Diabetes Support - Opinions Needed about Test Strips
05-22-2013, 02:04 PM
I have 2 One Touch meters, a regular one and a mini. Because my insurance will only cover enough strips to test once daily, I also have a Wavesense meter and use wavesense strips from Target. Recently I have been testing mostly with the Wavesense because I'm running low on One Touch strips. My reading have been rather high lately. It is a new canister of strips and I bought a new bottle of control solution and did 2 control tests. To be sure I checked my glucose with both One Touch meters and got 152 and 157. The Wavesense read 182. Can I assume the One Touch is right because they are relatively the same? Also, since I just bought this new 100 ct bottle of strips for the Wavesense, can I continue to use it as an in-between if I reduce the reading by 17%, which is the difference between the two meters. I hate to waste a full bottle of strips. The only way I can be absolutely certain that the One Touch is right would be to call my DR and see if I could come in and have them test. I am just assuming that since the 2 One Touch meters are the same, they are the ones that are correct.
05-25-2013, 09:09 PM
WBH: no strip is 100% accurate. But truly, just use one meter. Even having 2 the same won't do, you have to use the same one. This is because meters and strips are only accurate to 20%. At one point I was trying to research about this because I was also really bothered by this. A recent consumer's reports article talked about this and rated test strips and accuracy.
So check out that article for some good info.
Another and best way to test your particular meter (meters) is to test at the same time you are having a lab test. Test at the same time as your blood is drawn. Do both a finger stick and get a sample from where the needle is withdrawn. One is capillary (the finger stick) and the other is venous blood. The venous blood should be a bit more accurate. But that will give you an idea of where your meter is.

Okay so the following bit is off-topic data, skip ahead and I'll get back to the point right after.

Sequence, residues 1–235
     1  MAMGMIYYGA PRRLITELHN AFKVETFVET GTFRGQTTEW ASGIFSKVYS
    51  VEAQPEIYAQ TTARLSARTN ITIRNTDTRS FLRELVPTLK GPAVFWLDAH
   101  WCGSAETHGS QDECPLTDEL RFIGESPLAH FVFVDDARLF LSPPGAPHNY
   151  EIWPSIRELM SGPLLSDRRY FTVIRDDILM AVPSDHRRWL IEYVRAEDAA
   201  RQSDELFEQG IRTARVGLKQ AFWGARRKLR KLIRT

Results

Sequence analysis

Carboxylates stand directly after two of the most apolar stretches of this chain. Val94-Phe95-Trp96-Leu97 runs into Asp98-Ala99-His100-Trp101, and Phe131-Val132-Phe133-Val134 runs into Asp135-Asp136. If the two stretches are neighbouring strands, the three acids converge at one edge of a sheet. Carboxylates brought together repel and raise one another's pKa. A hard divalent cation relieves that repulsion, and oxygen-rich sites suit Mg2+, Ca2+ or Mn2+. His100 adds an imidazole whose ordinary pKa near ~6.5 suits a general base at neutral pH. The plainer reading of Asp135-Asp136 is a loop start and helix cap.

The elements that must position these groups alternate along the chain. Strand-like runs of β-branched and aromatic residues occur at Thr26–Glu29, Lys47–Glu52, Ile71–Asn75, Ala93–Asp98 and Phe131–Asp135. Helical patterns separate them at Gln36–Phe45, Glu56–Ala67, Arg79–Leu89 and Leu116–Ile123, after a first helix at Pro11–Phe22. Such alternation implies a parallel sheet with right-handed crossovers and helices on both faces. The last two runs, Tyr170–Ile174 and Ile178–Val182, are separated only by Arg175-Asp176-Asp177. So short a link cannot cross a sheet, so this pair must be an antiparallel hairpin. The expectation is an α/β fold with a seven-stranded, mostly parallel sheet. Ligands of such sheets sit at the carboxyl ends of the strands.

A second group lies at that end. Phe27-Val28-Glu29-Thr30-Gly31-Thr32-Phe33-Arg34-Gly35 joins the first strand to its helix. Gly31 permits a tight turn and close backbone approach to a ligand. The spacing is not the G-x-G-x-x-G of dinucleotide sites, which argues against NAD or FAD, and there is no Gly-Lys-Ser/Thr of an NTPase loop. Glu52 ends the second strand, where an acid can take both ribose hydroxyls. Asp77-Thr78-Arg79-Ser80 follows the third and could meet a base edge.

Mine tests a bit high, my labs are consistently lower than my meter. Since I am not using insulin, its not a big deal.
So when you are using the same one, you will see changes. If you were always using one meter, and it starts to read high, especially in the middle of a container of sticks, you can watch what you are eating and hopefully see it come down. But if you are switching meters, you can't figure out if there is even a problem.
GOod luck with your detective work.
05-29-2013, 09:05 AM
Mad-After a day or so the meters are now only about 10-12 points apart. I don't know what happened that day, but now I am more comfortable switching between meters. I am also not on insulin so I'm not going to worry much about it. I will wait and see what my next A1c is in a couple months.
05-30-2013, 09:55 PM
that sounds good carol sue. It could be you were having some real ups and downs that day. I had that once, had a glass of cranberry cocktail. I started feeling shaky an hour later, and test, was about 17 if I recall. (very high) but the shaking continued, and I tested shortly afterward, and was now lower, (like 6, and by one hour, was below 4. I concluded that the sugar had gone sky high, and dropped very rapidly, causing the shaking, as if I had low sugar, even though it took a while to get there. But I was always using the same meter and test strip batch, so could trust the results.
I have been thinking of switching to a cheaper strip and meter, but have not been testing as much, as I know what makes my spike now.
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